Ma was at HBS to perform with members of his Silk Road Project, the nonprofit group inspired by the cultural traditions of the ancient Eurasian trade routes. Ma and his Silk Road Ensemble will be in residence at Harvard for the next five years. In addition to presenting a series of performances, workshops, and collaborations with local arts, cultural, and educational institutions, Ma and his team will work closely with students and faculty around campus.
Already a musical prodigy when he arrived at Harvard as an undergraduate, the internationally renowned Ma has deepened his ties to the University over time through his passion for music. He is heartened by the breadth of musical choices across campus.
“Performance and education share one value in common: You want to make it memorable; if it’s not, why do it?” Ma said in an interview. He praised Harvard’s efforts to bring music into the classroom.
Music helps you to “grow your imagination,” Ma said. “Everybody is talking about needing an innovative, collaborative workforce. And building a strong, disciplined, flexible imagination is absolutely key.”
Artistic growth and renewal are central to Ma’s mission, which dovetails with Harvard’s recent efforts to bring the arts more fully into the daily life and fabric of the University.
Since 2005, Harvard has offered a joint, five-year program with the New England Conservatory. And the Department of Music, once largely a classical bastion, now offers courses on jazz and rhythm and blues.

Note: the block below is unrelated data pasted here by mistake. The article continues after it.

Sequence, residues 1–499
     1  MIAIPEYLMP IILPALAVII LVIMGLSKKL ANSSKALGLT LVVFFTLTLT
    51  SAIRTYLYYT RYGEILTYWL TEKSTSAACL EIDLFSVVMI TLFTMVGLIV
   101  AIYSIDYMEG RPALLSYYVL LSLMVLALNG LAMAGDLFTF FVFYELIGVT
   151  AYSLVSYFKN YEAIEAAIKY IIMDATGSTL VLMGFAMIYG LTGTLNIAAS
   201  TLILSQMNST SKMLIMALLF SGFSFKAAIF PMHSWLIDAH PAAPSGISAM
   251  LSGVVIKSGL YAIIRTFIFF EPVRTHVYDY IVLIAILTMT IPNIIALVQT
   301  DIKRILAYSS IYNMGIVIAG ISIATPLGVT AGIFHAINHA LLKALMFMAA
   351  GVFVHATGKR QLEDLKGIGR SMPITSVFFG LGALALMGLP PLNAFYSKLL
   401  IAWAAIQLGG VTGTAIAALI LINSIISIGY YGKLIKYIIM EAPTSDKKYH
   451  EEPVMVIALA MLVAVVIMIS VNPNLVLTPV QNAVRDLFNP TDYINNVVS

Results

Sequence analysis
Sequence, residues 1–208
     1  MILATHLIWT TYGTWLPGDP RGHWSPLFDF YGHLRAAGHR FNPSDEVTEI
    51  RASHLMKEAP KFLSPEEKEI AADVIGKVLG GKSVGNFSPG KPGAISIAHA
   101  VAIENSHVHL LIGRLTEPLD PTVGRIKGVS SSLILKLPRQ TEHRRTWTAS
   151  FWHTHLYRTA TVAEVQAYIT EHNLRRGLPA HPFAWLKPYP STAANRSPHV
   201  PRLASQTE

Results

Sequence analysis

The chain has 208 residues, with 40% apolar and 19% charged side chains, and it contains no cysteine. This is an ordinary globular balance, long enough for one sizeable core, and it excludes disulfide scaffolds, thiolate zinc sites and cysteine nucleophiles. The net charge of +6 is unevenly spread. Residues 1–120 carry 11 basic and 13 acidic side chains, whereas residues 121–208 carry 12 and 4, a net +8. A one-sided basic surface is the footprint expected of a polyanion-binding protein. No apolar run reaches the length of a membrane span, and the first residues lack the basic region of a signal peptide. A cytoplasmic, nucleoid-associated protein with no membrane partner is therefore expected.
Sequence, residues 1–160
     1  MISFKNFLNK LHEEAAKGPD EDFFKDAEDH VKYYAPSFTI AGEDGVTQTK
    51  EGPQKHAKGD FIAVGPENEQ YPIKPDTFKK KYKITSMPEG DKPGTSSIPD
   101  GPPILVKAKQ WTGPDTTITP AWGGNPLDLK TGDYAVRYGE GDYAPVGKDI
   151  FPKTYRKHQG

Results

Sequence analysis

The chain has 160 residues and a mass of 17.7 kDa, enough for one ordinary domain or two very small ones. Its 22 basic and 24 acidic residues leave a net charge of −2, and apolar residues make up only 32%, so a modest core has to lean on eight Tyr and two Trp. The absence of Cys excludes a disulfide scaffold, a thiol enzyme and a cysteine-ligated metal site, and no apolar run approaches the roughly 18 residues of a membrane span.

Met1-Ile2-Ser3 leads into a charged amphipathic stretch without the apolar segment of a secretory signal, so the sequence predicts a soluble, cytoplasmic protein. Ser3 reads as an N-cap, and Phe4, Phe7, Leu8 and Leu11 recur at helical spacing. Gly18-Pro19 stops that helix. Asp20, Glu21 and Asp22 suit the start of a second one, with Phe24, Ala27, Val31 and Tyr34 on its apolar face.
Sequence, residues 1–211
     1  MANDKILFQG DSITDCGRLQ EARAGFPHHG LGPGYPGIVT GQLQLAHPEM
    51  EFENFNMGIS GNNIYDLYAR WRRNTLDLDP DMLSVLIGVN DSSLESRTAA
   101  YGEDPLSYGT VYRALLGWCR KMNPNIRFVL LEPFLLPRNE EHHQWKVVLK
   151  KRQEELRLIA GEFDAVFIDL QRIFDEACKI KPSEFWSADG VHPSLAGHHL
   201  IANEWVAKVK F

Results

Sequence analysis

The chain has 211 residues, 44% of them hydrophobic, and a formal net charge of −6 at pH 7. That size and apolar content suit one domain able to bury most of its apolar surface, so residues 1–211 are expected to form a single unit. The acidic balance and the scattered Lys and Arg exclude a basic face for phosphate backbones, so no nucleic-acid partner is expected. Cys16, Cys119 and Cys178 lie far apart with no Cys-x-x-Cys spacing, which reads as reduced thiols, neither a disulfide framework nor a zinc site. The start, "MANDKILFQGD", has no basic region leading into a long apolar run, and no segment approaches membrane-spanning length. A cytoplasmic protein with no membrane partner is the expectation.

Such support contrasts mightily with Harvard’s earliest days, when music was strictly limited. But in 1808 a handful of students created the Pierian Sodality, its name a nod to the mythic Greek spring. The small instrumental group was dedicated to “mutual improvement in instrumental music,” along with the “consumption of brandy and cigars as well as the serenading of young ladies.”
The Sodality evolved into the Harvard-Radcliffe Orchestra, a collection of more than 100 musicians who present four major concerts annually. Director Federico Cortese, who succeeded longtime orchestra leader James Yannatos in 2009, said the talented young musicians under his tutelage offer him a type of flexibility and understanding that professional players can lack.